Virgil Thomson spent a considerable amount of effort trying to define traits of American music after 1910. I wanted to test his theories by comparing them to patriotic marches because they can be considered unambiguously American. The keyword “America” brought a number of such pieces to my attention, of which I picked three to study. I was interested in these particular pieces because of a number of similarities that immediately caught my eye, so they should not be considered a random selection.
First, some brief introductions: “Come On, America” was published in 1918 with words by Vance Cooke and music by Kenneth Murchison. “America First (Is Our Battle Cry! Tis the Land We Love!” was published in 1916 lyrics by J. Will Callahan and music by Eddie Gray. Ironically, although published in Chicago this piece was distributed by an Australian company. “America My America“was published in 1917 with words by Ray B Powers and music by Edith Powers. An inscription reads “Dedicated to Elk’s Regiment Portland Oregon Lodge.” Elk’s Lodges are patriotic fraternal organizations, and I foundit timely to come across this note as I have just recently driven past many an Elk’s Lodge in my most recent journey through the Midwest.
Thomson covers such a wide range of genres that it seems laughable to apply common traits that are specific to American music. He particularly focuses on rhythm, noting that “a very large part of what has been composed in the last forty years assumes the existence… of a steady continuity of eighth-notes, on top of which other metrical patterns, regular and irregular, lead an independent life.” (American Musical Traits 19) All three of these pieces certainly fit this trend as they are in 2/4 with the eighth note driving the piano accompaniment. However, none of the pieces have more than a few instances of syncopation, let alone a “large amount” (19).
Another trait Thomson presents as “American” is the “non-accelerating crescendo and… the non-retarding diminuendo” (19). After the initial tempo markings of con brio, allegretto con spirito, and marcia respectively there are no subsequent marked tempo changes with the exception of a ritardando before the chorus of “Come on America.” In this instance there is indeed no dynamic change marked. Dynamic markings as a whole appear secondary to the marching drive of the eighth note. Crescendos and diminuendos appear only in “America First,” and “America My America” has only four dynamic markings with the final already appearing in the third line. Although all this may support Thomson’s assertion that “the American… inclines by instinct to keep his rhythm patterns independent of volume patterns” (19), these trends are perhaps due in larger part to the patriotic march sub-genre than their American origins.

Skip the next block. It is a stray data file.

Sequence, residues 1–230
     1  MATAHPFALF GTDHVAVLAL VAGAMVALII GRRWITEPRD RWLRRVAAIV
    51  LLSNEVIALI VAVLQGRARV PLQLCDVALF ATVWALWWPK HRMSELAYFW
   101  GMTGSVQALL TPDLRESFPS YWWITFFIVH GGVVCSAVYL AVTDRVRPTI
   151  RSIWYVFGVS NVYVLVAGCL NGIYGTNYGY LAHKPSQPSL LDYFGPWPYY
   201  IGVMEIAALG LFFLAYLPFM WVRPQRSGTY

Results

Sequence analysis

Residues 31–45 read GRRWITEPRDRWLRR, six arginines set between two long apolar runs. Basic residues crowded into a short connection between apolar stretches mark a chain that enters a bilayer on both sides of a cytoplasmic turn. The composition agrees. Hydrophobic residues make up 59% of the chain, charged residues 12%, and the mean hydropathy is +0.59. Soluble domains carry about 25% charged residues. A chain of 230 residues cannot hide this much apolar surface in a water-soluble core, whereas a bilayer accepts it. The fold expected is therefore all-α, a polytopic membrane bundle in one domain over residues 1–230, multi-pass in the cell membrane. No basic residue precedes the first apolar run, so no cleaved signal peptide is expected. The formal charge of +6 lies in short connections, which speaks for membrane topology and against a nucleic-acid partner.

The final trait was harder for me to understand, let alone identify in practice. Thomson speaks to a “phonetic distortion without loss of clarity.” I took this to mean that text setting often prioritizes music over the natural rhythm of speech patterns. One example of this in “Come On America” is the quarter-eighth-eighth-half rhythm of the syllables of “A-mer-i-ca” which causes the “a” and “ca” syllables to be emphasized whereas a native English speaker would accent “mer”. Besides this, however, there was little unusual text setting and based on my understanding of the term I do not believe any of the three pieces utilize “phonetic distortion” to a large extent.
Obviously, these three pieces are too small of a data sample to make any definite conclusions about the accuracy of Thomson’s generalizations of American music, but I did find it to be a useful exercise in thinking through the theories he presented. I chose to undergo this (admittedly arbitrary) project in order to better understand the arguments Thomson lay out, and to that end I achieved my goal.
(Unfortunately, I failed in my noble quest to dig up recordings of these pieces… I guess we will just have to use our imaginations?)
Gray, Eddie and J. Will Callahan. “America First (Is Our Battle Cry! ‘Tis the Land We Love).” Chicago: Frank K. Root & Co, 1916. http://purl.dlib.indiana.edu/iudl/lilly/devincent/LL-SDV-94001.
Murchison, Kenneth and Edmund Vance Cooke. “Come On, America!” Red, White and Blue Series: New Patriotic and War Songs. Boston: Oliver Ditson Company, 1918. http://purl.dlib.indiana.edu/iudl/lilly/devincent/LL-SDV-257002.
Powers, Edith and Ray Powers. “America My America.” Oregon: Oregon Eiler’s Music House, 1917.
Thomson, Virgil. “American Musical Traits.” American Music Since 1910. New York: Holt, Rinehart and Winston, 1971.